Unknown severity

    thumbs-up-icon

    0 found helpful

    pill-rating-filledpill-rating-filledpill-rating-filledpill-rating-filledpill-rating-filled

    Unknown severity

    Has Symptoms

    Black Eyes, Nose Is Dry, Does Not Want To Open Mouth, Walks Around Alot.

    Think it is a snake issue. Black eyes, walks around with head down, eyes moving. He wants to like hide.

    Sept. 5, 2020

    Owner

    answer-icon

    Dr. Gina U. DVM

    recommendation-ribbon

    0 Recommendations

    If you are think that your pet was bitten by a snake, I recommend that you take him to a veterinarian right away. Certain snakes like pygmy rattlesnakes and coral snakes can bite and their venom is toxic. Seek veterinary care immediately.

    Sept. 5, 2020

    Was this experience helpful?

    dog-name-icon

    dog-breed-icon

    Bedlington Terrier

    dog-age-icon

    Three Years

    pill-rating-filledpill-rating-filledpill-rating-filledpill-rating-filledpill-rating-filled

    Unknown severity

    thumbs-up-icon

    0 found helpful

    pill-rating-filledpill-rating-filledpill-rating-filledpill-rating-filledpill-rating-filled

    Unknown severity

    Has Symptoms

    Redness

    We are staying in a home rental at Lake Burton in Tiger, GA and our dog was bitten on the face by a copperhead. I gave her Claritin 10 mg redi-tab and want to know what else to do. There are no vets open at this hour.

    Aug. 31, 2020

    Owner

    answer-icon

    Dr. Michele K. DVM

    recommendation-ribbon

    0 Recommendations

    Thank you for your question, I'm sorry that happened to your dog. Other than the antihistamine you gave, there is not anything that you can do at home. There are two or three veterinary clinics in that area that open Monday morning at 8 a.m. It would be best to have her seen as soon as they open Monday. They will be able to administer stronger medications, and assess whether she needs further care. I hope that everything goes well and she is okay.

    Aug. 31, 2020

    Was this experience helpful?

    dog-name-icon

    dog-breed-icon

    Dachshund

    dog-age-icon

    Eleven Years

    pill-rating-filledpill-rating-filledpill-rating-filledpill-rating-filledpill-rating-filled

    Unknown severity

    thumbs-up-icon

    4 found helpful

    pill-rating-filledpill-rating-filledpill-rating-filledpill-rating-filledpill-rating-filled

    Unknown severity

    Has Symptoms

    Swelling And Pain On Neck And Muzzel Suspected Snake Bite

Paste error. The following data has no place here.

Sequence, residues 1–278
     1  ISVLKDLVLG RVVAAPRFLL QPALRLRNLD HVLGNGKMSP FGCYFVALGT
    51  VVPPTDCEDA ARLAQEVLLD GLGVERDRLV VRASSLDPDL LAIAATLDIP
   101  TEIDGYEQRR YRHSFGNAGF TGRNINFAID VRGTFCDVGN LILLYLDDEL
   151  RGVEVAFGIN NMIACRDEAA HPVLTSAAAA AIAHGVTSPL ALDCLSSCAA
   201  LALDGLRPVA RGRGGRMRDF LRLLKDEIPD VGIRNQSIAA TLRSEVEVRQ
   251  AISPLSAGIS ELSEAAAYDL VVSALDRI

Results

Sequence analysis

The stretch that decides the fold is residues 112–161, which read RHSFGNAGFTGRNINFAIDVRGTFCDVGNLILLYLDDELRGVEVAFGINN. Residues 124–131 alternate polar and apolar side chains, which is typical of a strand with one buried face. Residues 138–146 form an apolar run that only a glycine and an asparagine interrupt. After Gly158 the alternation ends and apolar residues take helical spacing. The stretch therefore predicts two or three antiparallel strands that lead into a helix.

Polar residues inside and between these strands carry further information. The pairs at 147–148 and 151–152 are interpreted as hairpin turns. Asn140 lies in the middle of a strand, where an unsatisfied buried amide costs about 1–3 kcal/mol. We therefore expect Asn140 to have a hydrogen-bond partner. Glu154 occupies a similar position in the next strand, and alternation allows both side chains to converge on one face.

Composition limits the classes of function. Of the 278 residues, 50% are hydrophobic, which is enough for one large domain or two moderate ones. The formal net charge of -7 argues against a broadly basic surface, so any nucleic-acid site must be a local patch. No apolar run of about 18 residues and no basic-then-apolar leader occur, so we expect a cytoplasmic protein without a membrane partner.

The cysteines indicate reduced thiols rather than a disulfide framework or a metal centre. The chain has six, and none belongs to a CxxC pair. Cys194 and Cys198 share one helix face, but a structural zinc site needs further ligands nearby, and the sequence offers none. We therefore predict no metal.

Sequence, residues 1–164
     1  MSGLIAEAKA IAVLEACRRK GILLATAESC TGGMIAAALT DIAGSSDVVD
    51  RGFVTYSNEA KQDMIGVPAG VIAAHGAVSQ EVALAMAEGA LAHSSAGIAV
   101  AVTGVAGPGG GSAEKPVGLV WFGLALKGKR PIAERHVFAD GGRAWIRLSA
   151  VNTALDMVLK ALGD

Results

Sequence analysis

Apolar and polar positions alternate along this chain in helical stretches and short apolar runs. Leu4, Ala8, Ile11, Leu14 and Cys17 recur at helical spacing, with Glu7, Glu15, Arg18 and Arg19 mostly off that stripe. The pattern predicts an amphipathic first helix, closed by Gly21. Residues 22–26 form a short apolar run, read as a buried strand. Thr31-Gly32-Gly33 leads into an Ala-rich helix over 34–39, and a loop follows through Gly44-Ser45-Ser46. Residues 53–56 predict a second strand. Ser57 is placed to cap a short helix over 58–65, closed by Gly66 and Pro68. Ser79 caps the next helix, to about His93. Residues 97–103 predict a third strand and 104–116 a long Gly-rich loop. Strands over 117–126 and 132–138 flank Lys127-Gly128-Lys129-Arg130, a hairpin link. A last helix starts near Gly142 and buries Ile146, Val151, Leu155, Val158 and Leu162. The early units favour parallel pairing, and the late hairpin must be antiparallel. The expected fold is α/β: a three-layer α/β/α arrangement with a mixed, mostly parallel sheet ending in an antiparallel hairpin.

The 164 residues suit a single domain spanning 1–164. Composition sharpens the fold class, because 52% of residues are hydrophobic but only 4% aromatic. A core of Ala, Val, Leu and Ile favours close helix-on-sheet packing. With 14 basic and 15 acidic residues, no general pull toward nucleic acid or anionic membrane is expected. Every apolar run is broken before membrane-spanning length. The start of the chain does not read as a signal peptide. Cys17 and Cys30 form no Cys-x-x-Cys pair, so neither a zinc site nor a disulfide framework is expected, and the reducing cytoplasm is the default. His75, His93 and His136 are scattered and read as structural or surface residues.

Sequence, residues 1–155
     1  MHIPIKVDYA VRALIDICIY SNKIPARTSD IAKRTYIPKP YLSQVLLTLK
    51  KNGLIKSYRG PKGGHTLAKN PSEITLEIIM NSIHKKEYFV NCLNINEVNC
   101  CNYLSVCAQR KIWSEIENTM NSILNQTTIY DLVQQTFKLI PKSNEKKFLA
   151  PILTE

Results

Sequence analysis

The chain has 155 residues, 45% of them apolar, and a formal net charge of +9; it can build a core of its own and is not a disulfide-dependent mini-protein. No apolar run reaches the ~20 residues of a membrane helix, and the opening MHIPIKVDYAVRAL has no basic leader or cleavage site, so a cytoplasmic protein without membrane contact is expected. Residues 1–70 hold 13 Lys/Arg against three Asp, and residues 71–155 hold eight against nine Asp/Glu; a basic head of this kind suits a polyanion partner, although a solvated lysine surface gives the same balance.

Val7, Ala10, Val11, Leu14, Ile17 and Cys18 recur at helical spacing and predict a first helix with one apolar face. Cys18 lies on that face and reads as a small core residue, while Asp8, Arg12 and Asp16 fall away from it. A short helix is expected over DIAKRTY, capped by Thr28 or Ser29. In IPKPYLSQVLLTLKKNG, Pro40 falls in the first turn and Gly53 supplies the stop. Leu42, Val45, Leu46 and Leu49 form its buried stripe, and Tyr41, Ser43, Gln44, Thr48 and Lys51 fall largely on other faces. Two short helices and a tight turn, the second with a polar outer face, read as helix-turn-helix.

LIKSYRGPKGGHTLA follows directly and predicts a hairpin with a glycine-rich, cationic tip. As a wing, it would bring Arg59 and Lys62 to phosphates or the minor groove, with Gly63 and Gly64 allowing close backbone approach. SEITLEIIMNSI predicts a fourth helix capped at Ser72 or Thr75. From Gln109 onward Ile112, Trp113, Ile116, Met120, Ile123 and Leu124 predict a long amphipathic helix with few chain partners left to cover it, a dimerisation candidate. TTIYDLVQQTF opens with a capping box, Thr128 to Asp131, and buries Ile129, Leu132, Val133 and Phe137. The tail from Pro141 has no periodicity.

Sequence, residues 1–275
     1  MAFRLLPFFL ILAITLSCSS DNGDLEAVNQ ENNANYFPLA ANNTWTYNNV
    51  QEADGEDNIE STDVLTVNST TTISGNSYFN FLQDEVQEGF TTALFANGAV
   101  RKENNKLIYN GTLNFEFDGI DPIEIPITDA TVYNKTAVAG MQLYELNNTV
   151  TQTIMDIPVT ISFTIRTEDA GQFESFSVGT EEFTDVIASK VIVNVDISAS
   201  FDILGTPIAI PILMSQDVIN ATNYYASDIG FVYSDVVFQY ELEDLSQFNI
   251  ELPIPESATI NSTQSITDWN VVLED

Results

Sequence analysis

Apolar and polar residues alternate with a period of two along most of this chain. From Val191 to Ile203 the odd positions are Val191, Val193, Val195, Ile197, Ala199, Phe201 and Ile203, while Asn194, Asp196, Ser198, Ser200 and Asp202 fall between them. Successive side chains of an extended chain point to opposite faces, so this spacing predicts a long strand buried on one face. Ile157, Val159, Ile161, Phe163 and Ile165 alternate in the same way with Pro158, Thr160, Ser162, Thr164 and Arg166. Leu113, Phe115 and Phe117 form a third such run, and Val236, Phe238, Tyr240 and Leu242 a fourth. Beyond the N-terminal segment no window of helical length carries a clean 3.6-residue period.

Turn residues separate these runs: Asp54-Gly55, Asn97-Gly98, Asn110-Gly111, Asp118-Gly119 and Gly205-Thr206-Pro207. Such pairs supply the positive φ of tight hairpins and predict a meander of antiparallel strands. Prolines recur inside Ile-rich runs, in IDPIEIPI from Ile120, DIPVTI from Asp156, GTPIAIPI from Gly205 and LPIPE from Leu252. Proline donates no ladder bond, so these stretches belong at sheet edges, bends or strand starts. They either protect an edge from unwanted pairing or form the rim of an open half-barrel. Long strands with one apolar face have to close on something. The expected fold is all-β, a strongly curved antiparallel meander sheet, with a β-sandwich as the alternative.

I think my dog was bit by a snake about and hour and a half ago. She has swelling and obvious pain around what I think is the bite on her neck. I gave her 4ml children's allergy medication. She isn't displaying any other symptoms right now. What can I do for her? A vet is not available at this time.

    Aug. 6, 2020

    Owner

    answer-icon

    Dr. Michele K. DVM

    recommendation-ribbon

    4 Recommendations

    Thank you for your question. Other than Benadryl, there are no treatments for snake bites that you can give at home. Snake bites can cause extensive tissue necrosis and swelling, and having her seen by a veterinarian as soon as possible would be best. Benadryl typically helps keep the signs under control until you can get medical attention, but doesn't work for very long. I hope that she is okay.

    Aug. 6, 2020

    Was this experience helpful?

    dog-name-icon

    Pablo

    dog-breed-icon

    Pit bull

    dog-age-icon

    4 Years

    pill-rating-filledpill-rating-filledpill-rating-filledpill-rating-filledpill-rating-filled

    Serious severity

    thumbs-up-icon

    0 found helpful

    pill-rating-filledpill-rating-filledpill-rating-filledpill-rating-filledpill-rating-filled

    Serious severity

    Has Symptoms

    Not Able To Walk, Vomiting

    My boyfriend's pit bull was found at the edge of the woods in a thunderstorm, prone and limp. He drove his truck down and got Pablo in the back of the truck. He got him into the house, and as the night went on, the dog became extremely sick, vomiting, diarrhea, unable to walk, drinking a lot of water but vomiting it up. He took him to the vet first thing in the morning, and the vet determined a large, poisonous snake had bitten him on the nose. It has been 48 hours, and poor Pablo is on IV glucose and steroids, still struggling to walk, still not able to eat. Is he likely to survive?

    dog-name-icon

    Rufus

    dog-breed-icon

    chug

    dog-age-icon

    9 Years

    pill-rating-filledpill-rating-filledpill-rating-filledpill-rating-filledpill-rating-filled

    Moderate severity

    thumbs-up-icon

    0 found helpful

    pill-rating-filledpill-rating-filledpill-rating-filledpill-rating-filledpill-rating-filled

    Moderate severity

    Has Symptoms

    Weakness,
    Weakness, Neuro